Living near wildfires increases cancer risk

The McGill University study, published in The Lancet Planetary Health, is the first to highlight the link between exposure to forest fires and the risk of cancer. The researchers studied 2 million Canadians over a 20-year period, with a panel of people between the ages of 25 and 90. Based on the observation that forest fires occur in the same areas each year, the authors of the study decided to analyze the long-term effects of these fires on human health.

More risk of cancer up to 50 km around the fires

The results of the study showed that people living within a 50 kilometer radius of the fires over a 10-year period were 10% more likely to have a tumor of the brain and 4.9% higher risk of lung cancer, compared to people farther from fires. The risk of being affected by other types of cancer also appeared in the results: the leukemiathe lymphoma non-Hodgkinian and the myeloma multiple. Most of the pollutants emitted by forest fires are carcinogenic particles whose harmful effects on human health are known: hydrocarbons, benzene, metals heavy, phenol, formaldehyde. The inhabitants of areas frequently affected by forest fires are therefore exposed to pollution carcinogenic regularly.

Pollution trapped in homes for years

In addition to the pollution of theair outside, the harmful particles also seep into the interiors (dwellings, cars, shops, businesses, etc.) and remain trapped in these closed environments. This is a phenomenon too often overlooked by people living near fires. Heavy metals and hydrocarbons, known to trigger disorders of the nervous system and digestive system, easily infiltrate homes and can remain there for up to two years after the fire! This is shown by analyzes carried out after the gigantic fire that occurred in 2016 in Fort McMurray in Canada.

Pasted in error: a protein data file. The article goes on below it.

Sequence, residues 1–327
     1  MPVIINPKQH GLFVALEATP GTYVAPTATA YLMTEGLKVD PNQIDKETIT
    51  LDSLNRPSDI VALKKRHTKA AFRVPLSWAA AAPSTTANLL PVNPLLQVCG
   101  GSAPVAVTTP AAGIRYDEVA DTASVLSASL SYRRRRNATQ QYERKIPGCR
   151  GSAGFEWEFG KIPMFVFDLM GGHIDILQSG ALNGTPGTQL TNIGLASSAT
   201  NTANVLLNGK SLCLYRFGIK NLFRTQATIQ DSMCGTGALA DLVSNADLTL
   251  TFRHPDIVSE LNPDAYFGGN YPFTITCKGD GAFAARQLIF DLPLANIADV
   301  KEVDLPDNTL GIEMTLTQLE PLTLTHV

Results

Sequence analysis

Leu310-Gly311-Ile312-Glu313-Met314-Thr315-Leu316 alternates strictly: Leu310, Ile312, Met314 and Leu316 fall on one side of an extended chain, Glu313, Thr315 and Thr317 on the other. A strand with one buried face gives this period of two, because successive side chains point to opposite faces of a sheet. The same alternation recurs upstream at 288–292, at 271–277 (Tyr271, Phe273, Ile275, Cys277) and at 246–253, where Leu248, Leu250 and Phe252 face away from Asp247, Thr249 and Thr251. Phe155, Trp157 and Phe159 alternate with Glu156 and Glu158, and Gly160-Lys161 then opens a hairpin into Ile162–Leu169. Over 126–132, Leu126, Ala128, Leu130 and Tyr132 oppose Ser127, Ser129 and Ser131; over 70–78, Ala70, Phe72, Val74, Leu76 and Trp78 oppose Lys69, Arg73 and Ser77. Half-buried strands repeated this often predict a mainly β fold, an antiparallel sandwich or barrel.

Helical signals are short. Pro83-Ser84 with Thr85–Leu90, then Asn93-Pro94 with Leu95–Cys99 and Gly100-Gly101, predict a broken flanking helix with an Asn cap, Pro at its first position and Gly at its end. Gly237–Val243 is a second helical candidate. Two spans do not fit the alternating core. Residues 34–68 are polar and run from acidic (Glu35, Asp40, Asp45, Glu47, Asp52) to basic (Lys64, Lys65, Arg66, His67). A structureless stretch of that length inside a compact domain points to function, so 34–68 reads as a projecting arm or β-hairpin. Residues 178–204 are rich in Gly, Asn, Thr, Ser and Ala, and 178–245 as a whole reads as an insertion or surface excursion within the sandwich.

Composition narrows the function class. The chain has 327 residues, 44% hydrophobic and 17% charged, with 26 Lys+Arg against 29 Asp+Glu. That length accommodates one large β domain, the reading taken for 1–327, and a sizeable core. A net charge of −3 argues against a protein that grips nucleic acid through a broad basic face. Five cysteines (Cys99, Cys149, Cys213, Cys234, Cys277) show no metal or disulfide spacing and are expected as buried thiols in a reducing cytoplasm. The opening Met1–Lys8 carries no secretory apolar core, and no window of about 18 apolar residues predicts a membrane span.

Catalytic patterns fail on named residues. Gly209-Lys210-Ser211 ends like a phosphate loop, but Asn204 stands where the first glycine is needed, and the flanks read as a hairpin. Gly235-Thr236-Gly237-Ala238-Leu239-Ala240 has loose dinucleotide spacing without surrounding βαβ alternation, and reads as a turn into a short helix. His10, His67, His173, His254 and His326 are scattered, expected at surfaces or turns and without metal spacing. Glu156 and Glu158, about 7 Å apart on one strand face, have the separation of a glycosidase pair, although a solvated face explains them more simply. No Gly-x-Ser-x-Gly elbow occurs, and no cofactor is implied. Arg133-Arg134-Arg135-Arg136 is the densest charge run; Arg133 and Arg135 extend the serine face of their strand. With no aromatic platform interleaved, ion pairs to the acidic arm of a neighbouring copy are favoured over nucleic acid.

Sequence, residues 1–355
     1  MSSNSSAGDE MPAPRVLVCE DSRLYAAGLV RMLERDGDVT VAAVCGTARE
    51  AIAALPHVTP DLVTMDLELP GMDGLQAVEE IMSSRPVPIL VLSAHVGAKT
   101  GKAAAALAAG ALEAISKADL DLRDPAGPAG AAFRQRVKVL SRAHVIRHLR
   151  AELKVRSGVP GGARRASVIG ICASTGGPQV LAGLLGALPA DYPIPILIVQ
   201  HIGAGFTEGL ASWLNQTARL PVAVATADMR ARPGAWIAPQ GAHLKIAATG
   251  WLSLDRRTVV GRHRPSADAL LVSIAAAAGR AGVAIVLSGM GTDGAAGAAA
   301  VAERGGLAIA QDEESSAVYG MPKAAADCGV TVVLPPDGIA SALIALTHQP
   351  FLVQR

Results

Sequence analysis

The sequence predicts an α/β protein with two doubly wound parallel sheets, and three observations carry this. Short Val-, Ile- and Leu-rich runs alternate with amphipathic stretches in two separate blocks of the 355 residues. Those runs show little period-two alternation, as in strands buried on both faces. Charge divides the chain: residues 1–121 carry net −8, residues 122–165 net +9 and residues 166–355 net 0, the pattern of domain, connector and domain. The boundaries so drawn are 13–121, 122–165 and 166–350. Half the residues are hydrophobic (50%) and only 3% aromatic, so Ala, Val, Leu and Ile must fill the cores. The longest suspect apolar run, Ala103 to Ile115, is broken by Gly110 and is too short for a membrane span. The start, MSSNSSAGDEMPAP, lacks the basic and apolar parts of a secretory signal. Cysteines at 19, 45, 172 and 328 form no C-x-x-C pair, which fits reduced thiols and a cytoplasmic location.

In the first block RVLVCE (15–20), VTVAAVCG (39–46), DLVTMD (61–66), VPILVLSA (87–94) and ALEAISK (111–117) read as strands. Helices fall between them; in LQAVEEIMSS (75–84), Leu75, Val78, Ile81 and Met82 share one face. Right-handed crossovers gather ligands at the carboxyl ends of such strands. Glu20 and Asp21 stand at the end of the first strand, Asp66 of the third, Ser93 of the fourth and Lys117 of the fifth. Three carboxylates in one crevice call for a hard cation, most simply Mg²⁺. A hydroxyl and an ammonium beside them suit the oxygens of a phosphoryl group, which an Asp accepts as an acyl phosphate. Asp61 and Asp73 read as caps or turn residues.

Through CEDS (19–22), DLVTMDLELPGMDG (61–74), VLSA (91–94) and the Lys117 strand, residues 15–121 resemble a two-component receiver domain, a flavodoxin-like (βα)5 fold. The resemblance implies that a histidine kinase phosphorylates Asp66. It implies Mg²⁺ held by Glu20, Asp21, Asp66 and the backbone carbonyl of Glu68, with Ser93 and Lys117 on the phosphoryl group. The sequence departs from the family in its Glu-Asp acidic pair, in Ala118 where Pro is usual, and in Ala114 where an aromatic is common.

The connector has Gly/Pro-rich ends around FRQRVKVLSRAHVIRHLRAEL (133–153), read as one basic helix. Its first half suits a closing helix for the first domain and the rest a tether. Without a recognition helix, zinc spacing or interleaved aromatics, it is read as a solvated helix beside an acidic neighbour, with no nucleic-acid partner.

Observations to take into account

Fires also generate other types of pollution than that of the atmosphere: they also pollute the aquatic environment and the soil, with consequences for food products and drinking water. Harmful concentrations of benzene and other pollutants from the melting of water pumps in plasticwere found in drinking water after California wildfires these last years.

the climate change increases the risk of fires, and leads to an earlier and more spread out fire season during the year. L’UN predicts global increase in fires extremes of 14% by 2030, 30% by 2050 and 50% by the end of the century. The results of the McGill University study show the need to inform the population living in frequently burned areas: most residents of areas affected by fires each year are unaware of the pollution around them , including in their homes, and the risk to their health. Fires are the second largest source of air pollution, afterozoneharmful to health.

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